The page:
For WordPress to be very effective, you’ll often have to install a lot of plugins.
A basic WordPress installation is useless and requires a theme and at least a few plugins to work effectively. On the surface, this isn’t much of a problem but the more WordPress plugins you install the slower your website becomes.
What if you can’t do without these plugins and what if you don’t have the budget or resources for coding these features into your WordPress template? You go for an increasingly slowing website.
In terms of server resources, WordPress also uses a lot more resources than a plain HTML website or a PHP template site so, unless you find a quality WordPress hosting solution, you risk being suspended by your host if you get a lot of visitors and use WordPress on a shared hosting.
5. You Can Easily Run into SEO Issues
It’s important to pay special attention to this unless you already have SEO access.
WordPress is purported to be very SEO friendly but the reality is that almost every open source CMS is. WordPress can easily get you into SEO problems if you don’t have SEO knowledge; a major culprit is the tagging and category system used by WordPress.
Unless you decide to make your tags and categories “noindex”, every single tag you create and every single category you add your content to will have a duplicate form of that content. As a result, some people have 10 versions of the same content and wonder why they’re experiencing the same issue.
If you have advanced SEO knowledge, this won’t be an issue but not everybody possesses this kind of knowledge. Most of the people reading this article probably didn’t know this until today.
While this article contains some valid points, it won’t be complete without listing some quality WordPress alternatives.
Since almost every other CMS has the same issues as WordPress, I will be listing HTML site builders in the alternative sections. Don’t be deceived though, you’ll get quality looking websites with these tools that are built online in a breeze.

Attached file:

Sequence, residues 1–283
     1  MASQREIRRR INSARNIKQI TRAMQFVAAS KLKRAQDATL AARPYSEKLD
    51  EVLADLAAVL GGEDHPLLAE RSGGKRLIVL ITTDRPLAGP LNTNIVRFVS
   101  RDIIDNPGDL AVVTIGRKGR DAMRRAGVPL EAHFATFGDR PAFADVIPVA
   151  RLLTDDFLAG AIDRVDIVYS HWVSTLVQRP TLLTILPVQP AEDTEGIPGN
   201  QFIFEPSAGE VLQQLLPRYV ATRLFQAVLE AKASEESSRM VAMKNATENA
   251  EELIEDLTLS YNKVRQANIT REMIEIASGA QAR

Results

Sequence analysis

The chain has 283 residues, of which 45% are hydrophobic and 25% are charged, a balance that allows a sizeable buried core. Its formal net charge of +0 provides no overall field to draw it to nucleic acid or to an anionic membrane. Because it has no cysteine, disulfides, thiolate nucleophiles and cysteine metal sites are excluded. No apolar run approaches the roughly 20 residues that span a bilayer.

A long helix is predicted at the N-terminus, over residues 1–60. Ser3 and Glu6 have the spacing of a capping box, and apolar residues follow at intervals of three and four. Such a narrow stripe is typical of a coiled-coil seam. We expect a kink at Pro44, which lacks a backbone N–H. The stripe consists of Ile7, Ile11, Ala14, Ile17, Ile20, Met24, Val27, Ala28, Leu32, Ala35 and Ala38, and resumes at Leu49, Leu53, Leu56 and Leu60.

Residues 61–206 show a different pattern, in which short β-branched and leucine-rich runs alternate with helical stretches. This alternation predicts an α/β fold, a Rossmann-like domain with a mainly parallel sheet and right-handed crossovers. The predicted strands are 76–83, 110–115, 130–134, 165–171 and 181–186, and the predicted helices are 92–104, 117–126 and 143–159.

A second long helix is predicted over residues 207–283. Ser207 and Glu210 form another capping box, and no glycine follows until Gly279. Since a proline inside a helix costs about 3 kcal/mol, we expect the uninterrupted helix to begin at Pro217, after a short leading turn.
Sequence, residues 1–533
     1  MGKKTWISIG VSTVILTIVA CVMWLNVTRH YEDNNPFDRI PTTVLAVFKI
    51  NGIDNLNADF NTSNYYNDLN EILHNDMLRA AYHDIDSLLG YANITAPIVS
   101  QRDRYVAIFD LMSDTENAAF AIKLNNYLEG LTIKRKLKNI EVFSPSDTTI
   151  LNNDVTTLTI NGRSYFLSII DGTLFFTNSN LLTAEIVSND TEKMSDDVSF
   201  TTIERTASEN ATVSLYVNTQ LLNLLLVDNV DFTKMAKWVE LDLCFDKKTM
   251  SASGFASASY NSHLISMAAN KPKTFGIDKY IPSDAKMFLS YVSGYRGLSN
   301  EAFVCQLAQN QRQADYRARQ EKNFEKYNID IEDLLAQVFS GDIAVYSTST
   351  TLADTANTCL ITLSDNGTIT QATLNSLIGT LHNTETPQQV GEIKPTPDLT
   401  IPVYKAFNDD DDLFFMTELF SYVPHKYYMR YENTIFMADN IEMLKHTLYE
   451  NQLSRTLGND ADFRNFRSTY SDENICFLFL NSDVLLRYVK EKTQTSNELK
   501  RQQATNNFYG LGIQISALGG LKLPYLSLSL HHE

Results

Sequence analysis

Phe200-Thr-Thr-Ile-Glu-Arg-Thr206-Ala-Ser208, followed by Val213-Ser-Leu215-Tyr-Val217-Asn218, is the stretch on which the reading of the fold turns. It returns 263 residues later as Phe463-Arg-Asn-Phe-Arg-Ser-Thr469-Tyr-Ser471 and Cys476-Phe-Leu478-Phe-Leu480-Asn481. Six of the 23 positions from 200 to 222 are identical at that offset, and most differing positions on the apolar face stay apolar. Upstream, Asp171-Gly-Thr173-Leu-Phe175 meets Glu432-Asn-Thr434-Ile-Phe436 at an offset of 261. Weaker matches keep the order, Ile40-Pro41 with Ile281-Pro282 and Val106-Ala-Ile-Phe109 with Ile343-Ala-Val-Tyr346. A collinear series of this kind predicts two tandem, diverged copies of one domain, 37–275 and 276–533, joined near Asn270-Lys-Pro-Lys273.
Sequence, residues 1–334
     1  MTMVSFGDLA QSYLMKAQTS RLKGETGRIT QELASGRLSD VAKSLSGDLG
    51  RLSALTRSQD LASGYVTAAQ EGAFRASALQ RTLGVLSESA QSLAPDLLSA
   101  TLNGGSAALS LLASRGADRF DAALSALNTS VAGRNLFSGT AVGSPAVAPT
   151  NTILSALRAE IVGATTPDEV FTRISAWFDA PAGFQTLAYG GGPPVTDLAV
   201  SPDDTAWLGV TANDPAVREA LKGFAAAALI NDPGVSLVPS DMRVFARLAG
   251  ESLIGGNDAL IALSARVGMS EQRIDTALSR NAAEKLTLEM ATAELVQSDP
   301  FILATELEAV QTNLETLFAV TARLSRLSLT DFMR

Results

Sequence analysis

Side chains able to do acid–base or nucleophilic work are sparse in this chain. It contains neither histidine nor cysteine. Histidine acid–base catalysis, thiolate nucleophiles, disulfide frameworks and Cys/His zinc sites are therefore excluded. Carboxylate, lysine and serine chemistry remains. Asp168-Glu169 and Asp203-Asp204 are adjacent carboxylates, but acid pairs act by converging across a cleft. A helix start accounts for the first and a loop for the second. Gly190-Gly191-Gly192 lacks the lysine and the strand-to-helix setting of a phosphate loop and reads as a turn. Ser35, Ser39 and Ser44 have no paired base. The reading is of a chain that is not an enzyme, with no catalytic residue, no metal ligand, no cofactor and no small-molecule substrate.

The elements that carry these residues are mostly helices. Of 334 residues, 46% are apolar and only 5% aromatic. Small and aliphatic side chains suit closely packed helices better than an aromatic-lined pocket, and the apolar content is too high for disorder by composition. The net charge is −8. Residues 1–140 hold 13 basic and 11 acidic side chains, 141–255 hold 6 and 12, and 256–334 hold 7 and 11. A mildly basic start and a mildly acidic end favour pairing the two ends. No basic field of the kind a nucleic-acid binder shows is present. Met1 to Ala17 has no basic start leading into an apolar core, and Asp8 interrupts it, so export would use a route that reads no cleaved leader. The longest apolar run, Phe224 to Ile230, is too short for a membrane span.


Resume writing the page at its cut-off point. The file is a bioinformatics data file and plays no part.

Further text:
Easy WebContent costs a monthly fee and helps you host your website, your content and everything else. You will also be provided with a WYSIWYG editor and can customize your site to look however you want even if you’re not a designer. There’s also a blog feature if you want a blog as an addon to your website.
Similar to Easy WebContent mentioned above, Wix also has a set of features that allow you to build professional websites that doesn’t rely on WordPress.
The two tools listed above will help you create good looking, WYSIWYG websites without having to rely on WordPress or experience the hassles that come with it.
Tumblr lets you effortlessly share anything. Post text, photos, quotes, links, music, and videos from your browser, phone, desktop, email or wherever you happen to be. You can customize everything, from colors to your theme’s HTML. Tumblr is 100% free, however you can purchase high quality themes if you wish.
Squarespace starts you with beautiful templates right out of the box — each handcrafted by our award-winning design team to make your content stand out. Whether you need simple pages, sophisticated galleries, or a professional blog – it all comes standard with your Squarespace website. If you sign up now, you will get a 14 day free trial.
Share Your Own WordPress Alternatives?
I know there are other WordPress alternatives but the two listed above are the ones I’ve experienced. What other site builder can you recommend as a WordPress alternative? Is there a WordPress disadvantage I failed to mention in this article?
Check out our previous articles:
- WordPress Secrets that Enterprise CMS Vendors Don’t Want you to Know
- Do You Have Enough Bandwidth on Your WordPress Host?
- Free WordPress Themes Released in Summer 2012
- How To Add Google Analytics to WordPress Multisite
- Increase Social Media Traffic – 7 Free WordPress Plugins